As the Oakville, Ont-based chain faces a hesitant consumer and fiercer competition, it is grappling with some franchisees who are becoming restless about the cost of upgrading their stores, as well as an ever-expanding menu of low-margin food items, making them more reliant than ever on higher-margin coffee for their bottom line.
And the toughest challenge of all comes from global juggernaut McDonald's Corp. of Oak Brook, Ill. The chain is gunning for Tim Hortons coffee business, touting an updated McCafé store ambiance, improved drinks and free week-long promotions. The efforts are forcing rivals to shave prices as well, bruising their profits, but the initiatives are showing signs of bolstering the burger purveyor's position in the coffee sweepstakes: McDonald's Canadian share of the roughly $3.3-billion out-of-home coffee market has more than doubled to 10.3 per cent in just four years, according to its data.
The coffee fight comes at a time of sluggish growth over all in the restaurant industry, with the number of restaurants having jumped by more than 12 per cent to 72,000-plus in the past five years, but customer traffic having perked up only by between 1 and 2 per cent, says market researcher NPD.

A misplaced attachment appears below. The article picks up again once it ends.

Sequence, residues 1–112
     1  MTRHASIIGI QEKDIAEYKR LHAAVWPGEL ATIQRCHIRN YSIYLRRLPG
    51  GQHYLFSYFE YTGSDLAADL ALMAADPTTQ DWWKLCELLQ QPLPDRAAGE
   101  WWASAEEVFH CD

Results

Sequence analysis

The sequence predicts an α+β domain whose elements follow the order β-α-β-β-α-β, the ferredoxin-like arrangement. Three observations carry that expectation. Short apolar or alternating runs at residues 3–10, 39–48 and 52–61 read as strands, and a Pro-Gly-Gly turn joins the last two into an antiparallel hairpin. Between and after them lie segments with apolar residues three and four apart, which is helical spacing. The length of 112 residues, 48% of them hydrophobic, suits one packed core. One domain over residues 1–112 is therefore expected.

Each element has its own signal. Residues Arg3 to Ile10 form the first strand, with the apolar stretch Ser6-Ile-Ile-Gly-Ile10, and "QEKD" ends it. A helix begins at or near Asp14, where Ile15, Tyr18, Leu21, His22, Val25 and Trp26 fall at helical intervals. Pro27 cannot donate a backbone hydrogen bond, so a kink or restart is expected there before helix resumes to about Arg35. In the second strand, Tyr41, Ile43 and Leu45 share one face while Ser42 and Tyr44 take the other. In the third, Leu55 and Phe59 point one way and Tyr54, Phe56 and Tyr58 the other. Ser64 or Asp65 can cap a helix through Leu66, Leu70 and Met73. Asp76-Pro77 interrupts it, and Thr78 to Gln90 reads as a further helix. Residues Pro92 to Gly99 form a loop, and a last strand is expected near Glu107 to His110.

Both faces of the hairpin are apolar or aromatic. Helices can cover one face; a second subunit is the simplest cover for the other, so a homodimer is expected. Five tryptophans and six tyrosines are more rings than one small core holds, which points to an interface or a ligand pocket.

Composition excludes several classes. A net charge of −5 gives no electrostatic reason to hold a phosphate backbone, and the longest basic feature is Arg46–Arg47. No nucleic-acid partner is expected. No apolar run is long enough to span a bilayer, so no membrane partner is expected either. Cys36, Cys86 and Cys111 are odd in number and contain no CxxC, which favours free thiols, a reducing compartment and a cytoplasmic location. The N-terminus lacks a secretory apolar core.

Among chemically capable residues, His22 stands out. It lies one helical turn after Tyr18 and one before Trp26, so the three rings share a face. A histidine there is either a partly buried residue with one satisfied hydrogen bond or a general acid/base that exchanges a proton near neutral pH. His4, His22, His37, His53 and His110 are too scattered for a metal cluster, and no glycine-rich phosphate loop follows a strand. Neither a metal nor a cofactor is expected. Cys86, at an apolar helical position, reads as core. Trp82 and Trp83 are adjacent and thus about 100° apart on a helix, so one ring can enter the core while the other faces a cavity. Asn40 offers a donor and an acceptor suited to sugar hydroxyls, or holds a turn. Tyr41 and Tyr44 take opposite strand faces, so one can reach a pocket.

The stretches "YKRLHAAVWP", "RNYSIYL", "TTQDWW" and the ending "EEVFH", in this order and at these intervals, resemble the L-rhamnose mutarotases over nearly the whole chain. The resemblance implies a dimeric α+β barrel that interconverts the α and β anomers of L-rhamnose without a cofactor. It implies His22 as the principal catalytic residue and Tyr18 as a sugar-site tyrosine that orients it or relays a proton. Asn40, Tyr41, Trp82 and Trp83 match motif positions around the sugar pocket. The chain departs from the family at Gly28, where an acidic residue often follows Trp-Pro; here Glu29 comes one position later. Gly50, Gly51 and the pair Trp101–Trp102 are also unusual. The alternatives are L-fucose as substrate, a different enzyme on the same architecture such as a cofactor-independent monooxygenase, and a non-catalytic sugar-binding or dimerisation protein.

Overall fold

"Coffee wars are alive and well in Canada and it's just going to continue," said Robert Carter, executive director of food services at NPD.
McDonald's is gaining market share, but so far Tim Hortons is holding its own, with the venerable Canadian chain continuing to command an industry-leading 77 per cent of the coffee segment, NPD figures show.
But that mounting pressure from rivals, and a soft economy, are forcing Tim Hortons to shake up the competitive formula that has churned out profits for decades. "We are working hard to adapt to current market conditions," Paul House, chief executive officer at Tim Hortons, told analysts on Thursday.